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Nutrient Neutral Pollution Rules to be Scrapped

nutrient neutral

The Government has announced that water pollution restrictions for new housing developments are set to be scrapped in order for more houses to be built. The restrictions, which were brought in when the UK was part of the European Union (EU), make it difficult for new developments to be built near waterways.

Nutrient neutral projects

As part of existing restrictions, developers must prove that their projects are “nutrient neutral” in order to be able to build new homes. To get past this, builders effectively need to prove that any new development won’t add extra nutrients to the surrounding water.

Flooding waterways with phosphates and nitrates, which often come with the territory of building new properties, can reduce the quality of water and harm the natural habitats of wildlife in the waterways.

As things stand, 62 local authorities are bound by these laws, including Somerset, Kent and Teeside. However, today the government has announced that these local authorities will no longer have to abide by the “nutrient neutral” rules which will accelerate builds in these areas.

The scrapping of the rule is part of the Levelling Up and Regeneration Bill which is currently going through amendments in the House of Lords. By removing it, the government believes that the country will benefit from an extra £18bn of economic activity.

Environment Secretary Therese Coffey said: “These new plans will cut nutrients and help support England’s precious habitat whilst unlocking the new homes that local communities need.”

The environmental downside

Removing a law that was put in place to protect waterways and the environment has meant that the Government has had to provide assurances that significant damage won’t be done. Firstly, they’ve announced that they are to double their investment in the Natural England Nutrient Mitigation Scheme to £280m.

They will also provide an extra £166m in grants to farmers so they can improve their slurry storage. This time of storage is used to prevent excess nutrients running off into rivers and wetland, something that is now likely to increase.

Environmental groups haven’t responded well to the announcement, with the Wildlife Trust’s chief executive Craig Bennett saying that won’t “solve root causes of the housing problem.” Meanwhile, the Rivers Trust have said that “the latest plans to rip up water pollution rules show, once again, that our Government is backtracking on the environment and taking decisions that abandon previous commitments and promises, and ones which our European neighbours enjoy.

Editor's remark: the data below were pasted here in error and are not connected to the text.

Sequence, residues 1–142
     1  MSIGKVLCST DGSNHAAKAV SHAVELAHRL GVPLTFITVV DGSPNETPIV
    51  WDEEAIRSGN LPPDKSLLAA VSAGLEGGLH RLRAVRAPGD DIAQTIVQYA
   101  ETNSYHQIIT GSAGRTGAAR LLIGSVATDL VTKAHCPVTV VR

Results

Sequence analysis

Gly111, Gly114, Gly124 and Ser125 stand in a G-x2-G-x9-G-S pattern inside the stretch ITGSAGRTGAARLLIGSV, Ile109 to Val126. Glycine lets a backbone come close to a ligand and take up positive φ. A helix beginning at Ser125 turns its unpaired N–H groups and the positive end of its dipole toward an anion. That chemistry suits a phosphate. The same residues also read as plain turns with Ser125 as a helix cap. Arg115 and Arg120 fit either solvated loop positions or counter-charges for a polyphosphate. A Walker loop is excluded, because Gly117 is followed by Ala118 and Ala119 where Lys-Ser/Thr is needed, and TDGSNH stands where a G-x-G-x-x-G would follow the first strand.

“We do not need to choose between new homes and clean water, we can have both. Now is the time to develop homes responsibly, working with house builders who want to find positive solutions to achieving nutrient neutrality.”

The housing upside

While Environmental groups are concerned by the decision, housing groups are more supportive of it. The government believes that around 100,000 new homes will be built by 2030 with Rishi Sunak labelling the former sanctions as “disproportionate and poorly targeted old EU ruling.”

Stewart Baseley, executive chairman of the Home Builders Federation, suggested that the law change was overdue because “occupants of new homes are responsible for only a tiny fraction of the wastewater finding its way into rivers and streams.”

Meanwhile, the Local Government Association (LGA) has taken a more balanced approach. A statement on their website reads:

“Thousands of new homes are on hold due to river pollution and water level concerns so we are pleased that the Government has acted on our calls for urgent action and funding to address pollution at source.

“However, short-term local solutions are still needed to address environmental concerns about river pollution. Councils are calling for a doubling down on long-term action to protect rivers by focusing on reducing pollution at source.

“Councils want to work together with government, agencies, developers and the agricultural sector to find ways address pollution locally so homes can be built while doing everything possible to reduce pollution at source and maintain safe water level.”

Final thought

The decision to scrap the “nutrient neutral” restrictions for new housing developments near waterways has sparked a debate between environmental groups and housing advocates. The government’s pledge to double its investment in Natural England’s Nutrient Mitigation Scheme and provide grants to farmers for improved slurry storage is seen as a positive step, but some argue that it is not enough to mitigate the potential environmental impact. Ultimately, the decision highlights the complex balancing act between economic growth and environmental protection, and the need for sustainable solutions that prioritise both.

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